In the summer of 2022, New Orleans city council permitted the use of facial recognition technology by police in an effort to swiftly identify suspects. Initially hailed as a promising and fair crime-solving tool, a year after its implementation, data analysis by POLITICO revealed starkly contrary outcomes.
The records disclosed that facial recognition in New Orleans had limited success, low association with arrests, and a disproportionate targeting of Black individuals. The data, obtained and scrutinized, showed that the system frequently failed to identify suspects and was predominantly used on Black individuals.
Initially, The New Orleans Police department first used facial recognition under the new policy was the targeting a Black shooting suspects. Results were a "Unable to match, low quality photo" error. Subsequent attempts over the year showed similar ineffective outcomes, with the majority of requests targeting Black individuals yielding no matches.
While no wrongful arrests were made, the system’s utilization seemingly upheld long-standing civil rights concerns, amplifying systemic biases within law enforcement rather than rectifying them. Council member JP Morrell, who opposed the technology's use, condemned its inefficacy and apparent racial bias.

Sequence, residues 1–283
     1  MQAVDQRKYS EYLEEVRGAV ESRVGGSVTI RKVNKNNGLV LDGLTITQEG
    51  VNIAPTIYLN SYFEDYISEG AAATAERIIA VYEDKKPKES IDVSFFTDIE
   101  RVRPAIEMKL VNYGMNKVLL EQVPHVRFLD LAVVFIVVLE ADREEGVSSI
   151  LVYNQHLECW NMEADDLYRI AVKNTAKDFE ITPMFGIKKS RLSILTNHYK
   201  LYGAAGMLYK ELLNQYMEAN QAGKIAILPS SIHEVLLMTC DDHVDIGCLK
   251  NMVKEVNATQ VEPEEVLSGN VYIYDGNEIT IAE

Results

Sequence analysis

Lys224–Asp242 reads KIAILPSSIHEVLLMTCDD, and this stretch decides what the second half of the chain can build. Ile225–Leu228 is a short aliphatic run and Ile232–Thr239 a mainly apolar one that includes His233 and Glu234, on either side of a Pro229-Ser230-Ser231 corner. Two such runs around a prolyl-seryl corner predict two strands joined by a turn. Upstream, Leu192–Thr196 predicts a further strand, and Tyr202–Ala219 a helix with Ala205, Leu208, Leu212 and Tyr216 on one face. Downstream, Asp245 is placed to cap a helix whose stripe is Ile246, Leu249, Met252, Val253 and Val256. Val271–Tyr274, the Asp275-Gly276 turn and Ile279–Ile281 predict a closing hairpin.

Despite these revelations, a majority of New Orleans City Council members, the police force, Mayor LaToya Cantrell, and local businesses continue to support facial recognition. However, the data displayed the technology's limitations, raising questions about its efficacy and ethical implications.
Moreover, despite attempts in various states like Michigan and at the federal level to regulate facial recognition's use, no comprehensive laws have been enacted. The reports from New Orleans highlighted the technology's shortcomings, indicating that it predominantly targeted Black individuals, creating further concerns about systemic biases within law enforcement.
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